• a hypothetical or fictional being from another world.

• a plant or animal species originally introduced from another country and later naturalized.

Funny how the two words can be so similar, and yet not quite the same.  That little subdefinition in the “alien” listing’s inclusion of words like “disturbing” and “distasteful” seems to make all the difference.

Strangely enough, I don’t feel any more alien here than I do anywhere else in the world, even on the days when I am starkly aware that I am a foreigner.  There has always been something in my experience of life that hinted to me that I was an alien, wherever I might find myself.  I guess I should be grateful to the China government for officially acknowledging the condition, after all these years.

© 2009 Shelly Bryant

Personal Note

I just lost my little friend, Rigley, this week, making me feel all the more alien in this world.  She was a good girl, and will be greatly missed by me and everyone in my family.

 

4 Comments Manage Comments for this Entry
Sorry to hear about your pooch.  And that you’re disturbing and distasteful.
Sunday, September 20, 2009 – 03:49 AM
It’s been a rough week, Pinhole.  Losing my friend is hard.  And one never likes to know the unpleasant truths about oneself.
Sunday, September 20, 2009 – 06:30 AM
Sorry to hear about the doggy!

Malcolm

Sunday, September 27, 2009 – 03:29 AM
Thanks, Malcolm.  It’s been hard.
Sunday, September 27, 2009 – 06:47 AM
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September 12, 2009

Repost: Fill in the Gaps, Infinite Jest

This is reposted from my old blog.  I’ve imported the whole post, comments and all, into a single space here.  I’ve listed it here under its original date.


Filling in the Gaps:  Infinite Jest

Saturday, September 12, 2009

Last weekend, I finished one of the longest titles on my fill in the gaps 100 books list, David Foster Wallace’s Infinite Jest.  It is hard to say exactly how I felt about the book.  But immediately upon completion, I already knew it was one I would be thinking about for some time.  So, my comments here are not going to be a review per se, but a rundown of my responses to the book, more like what I would record in a reading journal. I begin with last Saturday, Sept 5, the day I finished the book.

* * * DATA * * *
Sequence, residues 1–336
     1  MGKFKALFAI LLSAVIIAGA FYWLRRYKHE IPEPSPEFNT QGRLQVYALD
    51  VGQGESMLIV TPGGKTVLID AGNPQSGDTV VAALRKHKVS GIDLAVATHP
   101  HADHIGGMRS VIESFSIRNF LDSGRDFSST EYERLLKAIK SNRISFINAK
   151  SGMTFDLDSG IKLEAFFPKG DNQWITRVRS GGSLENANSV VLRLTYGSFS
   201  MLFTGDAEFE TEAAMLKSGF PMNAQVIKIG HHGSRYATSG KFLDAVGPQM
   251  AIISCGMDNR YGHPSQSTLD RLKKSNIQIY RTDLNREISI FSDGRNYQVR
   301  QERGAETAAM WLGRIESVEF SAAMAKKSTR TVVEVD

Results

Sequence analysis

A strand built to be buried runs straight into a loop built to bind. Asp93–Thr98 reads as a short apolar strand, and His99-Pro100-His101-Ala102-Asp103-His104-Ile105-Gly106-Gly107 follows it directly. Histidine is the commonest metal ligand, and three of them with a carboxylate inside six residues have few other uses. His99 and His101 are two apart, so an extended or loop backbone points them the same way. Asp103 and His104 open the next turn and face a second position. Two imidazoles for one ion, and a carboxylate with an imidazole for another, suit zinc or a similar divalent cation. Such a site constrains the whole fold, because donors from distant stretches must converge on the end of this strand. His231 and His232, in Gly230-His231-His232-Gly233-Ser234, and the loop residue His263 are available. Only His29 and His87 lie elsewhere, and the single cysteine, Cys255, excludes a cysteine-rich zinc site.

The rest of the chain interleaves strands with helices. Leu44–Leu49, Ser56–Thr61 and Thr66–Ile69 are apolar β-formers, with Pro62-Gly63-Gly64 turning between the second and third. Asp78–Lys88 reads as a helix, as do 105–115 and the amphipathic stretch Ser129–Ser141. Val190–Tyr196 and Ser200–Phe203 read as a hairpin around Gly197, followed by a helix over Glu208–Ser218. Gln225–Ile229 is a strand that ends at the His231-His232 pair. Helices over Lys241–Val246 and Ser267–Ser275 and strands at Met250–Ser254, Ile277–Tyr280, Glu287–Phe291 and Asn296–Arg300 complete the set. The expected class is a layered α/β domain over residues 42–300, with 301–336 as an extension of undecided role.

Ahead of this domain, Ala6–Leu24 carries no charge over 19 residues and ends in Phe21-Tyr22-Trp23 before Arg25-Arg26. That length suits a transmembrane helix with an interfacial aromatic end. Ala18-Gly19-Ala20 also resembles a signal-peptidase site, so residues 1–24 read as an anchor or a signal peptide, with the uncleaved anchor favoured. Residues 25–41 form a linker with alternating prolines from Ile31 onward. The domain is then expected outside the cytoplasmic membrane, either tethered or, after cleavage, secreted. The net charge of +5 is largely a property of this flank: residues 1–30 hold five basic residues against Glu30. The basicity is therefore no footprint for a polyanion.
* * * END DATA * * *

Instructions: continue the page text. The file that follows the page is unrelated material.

Saturday, Sept 5

I’ve been working on this tome since May.  It hasn’t been an easy read, though parts of it were incredibly absorbing.  It took me a long time to get to those parts, but I am not sure if that had more to do with me as a reader and the state of mind I was in, or with the novel itself.  Anyway, the parts that were engaging were worth the read, even though there were large chunks of the book that did nothing for me.

 

The end of the book frustrates me.  It seems it did not end at all, in fact, and that I could just pick it up and continue reading the same old thing over again.  There is no resolution, which I more or less expected.  But worse, there’s no sense that we’ve come to a stopping place at all.  But then, perhaps that is because we’ve not really had a plot either.  It’s more like a prolonged rambling (in amazing prose, of course) that just comes to a sort of abrupt stop.

 

 

Sunday, Sept 6

The notion of Entertainment and its connection to addiction (perhaps only made possible by contemporary consumer culture) is so adeptly explored in Infinite Jest.  I think this is what there is to love in the novel.  When I read about the book, before having purchased it, this was what made me want to read it.  I have to say that the treatment of the theme(s) is somewhat disorienting.  Perhaps that is the way it should be, though, as a sort of representation of the mind-reeling abundance of Entertainment possibilities today.

 

The treatment of sex, drugs, and addiction as interconnected facets of the Entertainment culture was especially fascinating.  It isn’t so much that that’s a foreign concept to me, as that putting it right up against sports, movies, etc., gave it a whole different perspective.  The intertwining (or entangling) of these elements in the text is probably what I enjoyed most about it.

 

 

Monday, Sept 7

Depression.  Who could know more about it than David Foster Wallace?

 

I am usually not one to read the author in(to) the text he’s penned, but it was hard not to  have thoughts of DFW’s demise enter the head when reading some of the more eloquent passages about depression in Infinite Jest.  Those bits are so well-written, so piercing, so insightful.  Is it authorial intrusion into the narrative?  The modest training I’ve had in critical theory recoils at the suggestion, but the casual reader in me found it difficult not to see a good deal of DFW in those bits of prose that dealt so poignantly with the black dog.